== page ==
Supporting A Child Who Discloses Abuse
When a child discloses an uncomfortable touch or sexual encounter to you, it might be one of the most difficult moments of your life as a parent, guardian, or adult caregiver. Here are some ways to positively handle these situations.
Important to know: Test Messages
Children don’t always clearly and directly tell that they’ve been abused. Sometimes information is provided a little at a time, and the process can span weeks, months, or even across years as children test reactions by adults around them. These subtle messages can sometimes be missed in the following ways:
Report Or Get Caring, Expert Guidance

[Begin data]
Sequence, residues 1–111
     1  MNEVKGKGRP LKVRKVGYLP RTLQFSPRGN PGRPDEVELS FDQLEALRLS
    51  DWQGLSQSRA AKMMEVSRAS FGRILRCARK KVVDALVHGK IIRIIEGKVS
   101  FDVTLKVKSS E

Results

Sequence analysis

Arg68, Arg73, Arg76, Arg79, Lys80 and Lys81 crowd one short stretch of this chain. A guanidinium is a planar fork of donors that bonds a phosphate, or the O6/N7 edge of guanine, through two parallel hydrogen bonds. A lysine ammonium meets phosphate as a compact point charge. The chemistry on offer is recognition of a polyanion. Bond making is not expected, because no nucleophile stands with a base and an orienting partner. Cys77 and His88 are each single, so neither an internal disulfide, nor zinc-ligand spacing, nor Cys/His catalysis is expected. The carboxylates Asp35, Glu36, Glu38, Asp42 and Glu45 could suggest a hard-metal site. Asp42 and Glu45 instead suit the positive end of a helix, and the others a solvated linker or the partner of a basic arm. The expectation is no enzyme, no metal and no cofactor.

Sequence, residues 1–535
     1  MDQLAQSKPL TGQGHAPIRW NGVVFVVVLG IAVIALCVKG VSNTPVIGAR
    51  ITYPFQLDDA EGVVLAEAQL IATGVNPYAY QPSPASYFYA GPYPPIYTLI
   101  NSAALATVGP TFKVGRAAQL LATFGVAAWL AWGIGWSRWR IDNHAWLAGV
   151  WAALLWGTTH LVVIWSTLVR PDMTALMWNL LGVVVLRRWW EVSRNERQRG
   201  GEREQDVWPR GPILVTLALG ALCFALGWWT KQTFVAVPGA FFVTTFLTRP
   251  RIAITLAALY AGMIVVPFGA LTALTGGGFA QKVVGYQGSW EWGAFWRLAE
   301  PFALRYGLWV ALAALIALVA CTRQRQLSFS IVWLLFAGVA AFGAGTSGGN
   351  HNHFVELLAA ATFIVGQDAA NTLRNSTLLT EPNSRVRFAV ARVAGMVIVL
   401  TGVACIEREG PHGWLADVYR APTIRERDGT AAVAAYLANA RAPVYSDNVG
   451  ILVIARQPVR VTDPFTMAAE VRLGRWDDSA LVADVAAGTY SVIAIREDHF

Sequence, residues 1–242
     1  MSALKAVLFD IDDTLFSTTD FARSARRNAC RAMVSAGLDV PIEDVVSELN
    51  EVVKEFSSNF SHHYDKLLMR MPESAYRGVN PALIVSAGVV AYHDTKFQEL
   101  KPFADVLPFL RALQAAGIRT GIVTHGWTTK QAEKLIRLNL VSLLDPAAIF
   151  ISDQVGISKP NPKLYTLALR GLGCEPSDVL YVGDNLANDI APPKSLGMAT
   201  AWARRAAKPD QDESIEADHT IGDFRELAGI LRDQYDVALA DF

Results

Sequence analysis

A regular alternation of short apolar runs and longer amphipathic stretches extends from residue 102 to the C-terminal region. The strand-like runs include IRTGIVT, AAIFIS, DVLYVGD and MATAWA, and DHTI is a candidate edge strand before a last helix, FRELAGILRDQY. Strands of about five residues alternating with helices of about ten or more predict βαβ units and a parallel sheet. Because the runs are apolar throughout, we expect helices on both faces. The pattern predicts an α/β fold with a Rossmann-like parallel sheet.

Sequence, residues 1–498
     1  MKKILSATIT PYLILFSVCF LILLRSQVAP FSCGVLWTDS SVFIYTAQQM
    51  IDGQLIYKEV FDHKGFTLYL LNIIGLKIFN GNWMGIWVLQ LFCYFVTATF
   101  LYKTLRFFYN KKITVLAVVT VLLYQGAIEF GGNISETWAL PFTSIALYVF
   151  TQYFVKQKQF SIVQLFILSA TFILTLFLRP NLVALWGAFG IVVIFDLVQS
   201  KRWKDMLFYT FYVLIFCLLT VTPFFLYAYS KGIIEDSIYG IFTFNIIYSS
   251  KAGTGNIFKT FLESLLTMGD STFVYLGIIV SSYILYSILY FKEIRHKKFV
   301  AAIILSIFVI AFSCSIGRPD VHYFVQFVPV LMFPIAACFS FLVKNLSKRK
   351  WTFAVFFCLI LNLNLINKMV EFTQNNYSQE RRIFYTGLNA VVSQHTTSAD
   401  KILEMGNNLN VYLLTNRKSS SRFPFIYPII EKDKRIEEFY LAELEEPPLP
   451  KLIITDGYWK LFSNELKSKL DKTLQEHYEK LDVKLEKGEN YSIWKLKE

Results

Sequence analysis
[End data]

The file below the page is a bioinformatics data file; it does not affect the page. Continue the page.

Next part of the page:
When a child does disclose sensitive information to you, it’s important to relay this information to the appropriate professionals. They will investigate the incident for you. When you question a child, they might get defensive and withhold saying more.
If you suspect a child to be sexually abused, or a child has disclosed sexual abuse, call the agency for your county.
Outside the region, call your county social services or local law enforcement.
If a child has medical concerns due to the possible sexual abuse, go immediately to the nearest emergency room or medical facility.
Find More Resources
Find more information about typical behaviors of abusers, teaching a child body safety, and other steps to protect.